You approached your boat in the same way you approach our house and our family, and really anything you love. You always pour your whole heart in, and work so hard to make everything perfect. Of course, nothing is perfect; it's real life.

But you do your best, and you get more done in a day than most people I’ve ever met.

I know you loved your boat a great deal. You refinished the wood yourself, and you put so much energy and love into the project. Eventually, a demanding job, a needy house, two delightful kids, and a gem of a wife took precedence over your boat.

There just wasn’t time in the day/week/month for everything. It got to a point where you looked at your limited time and decided to spend it on your family.

I know letting go of your boat meant letting go of a dream, and so in retrospect it was terribly unkind of me to wish your dream would sink in a hurricane so we could have the insurance money. I didn’t think I’d said it out loud but at some point I apparently did, because you mentioned it.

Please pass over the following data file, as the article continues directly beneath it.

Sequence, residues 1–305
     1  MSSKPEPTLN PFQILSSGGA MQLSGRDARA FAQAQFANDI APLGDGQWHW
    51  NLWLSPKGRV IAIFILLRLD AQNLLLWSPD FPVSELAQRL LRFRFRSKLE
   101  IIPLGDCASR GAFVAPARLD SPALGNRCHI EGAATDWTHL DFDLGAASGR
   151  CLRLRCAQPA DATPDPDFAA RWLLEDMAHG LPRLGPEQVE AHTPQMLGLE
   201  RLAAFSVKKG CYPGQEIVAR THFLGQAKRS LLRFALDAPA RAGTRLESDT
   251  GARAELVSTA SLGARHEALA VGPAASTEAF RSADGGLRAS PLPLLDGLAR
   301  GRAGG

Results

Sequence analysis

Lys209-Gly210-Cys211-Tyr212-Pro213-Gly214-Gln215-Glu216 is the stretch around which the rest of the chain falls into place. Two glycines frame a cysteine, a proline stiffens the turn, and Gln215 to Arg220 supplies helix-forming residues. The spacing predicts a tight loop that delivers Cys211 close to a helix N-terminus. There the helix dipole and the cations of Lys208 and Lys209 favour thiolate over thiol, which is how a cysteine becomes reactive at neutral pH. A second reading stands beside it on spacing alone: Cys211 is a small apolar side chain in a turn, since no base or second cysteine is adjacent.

But you promised it didn’t factor into your decision. Your family came first.

The fact is, you work, and you spend time with us. And fix toilets, wiring, plumbing, and refinish banisters and fireplaces, and so on. The list is long. You don’t golf or go to happy hour or go on fishing trips.

When you have free time, you want to spend it with the people you love most, and that is us.

You don’t get a lot of time with the kids during the week, and always spend weekends creating grand adventures I know our kids will cherish when they are grown.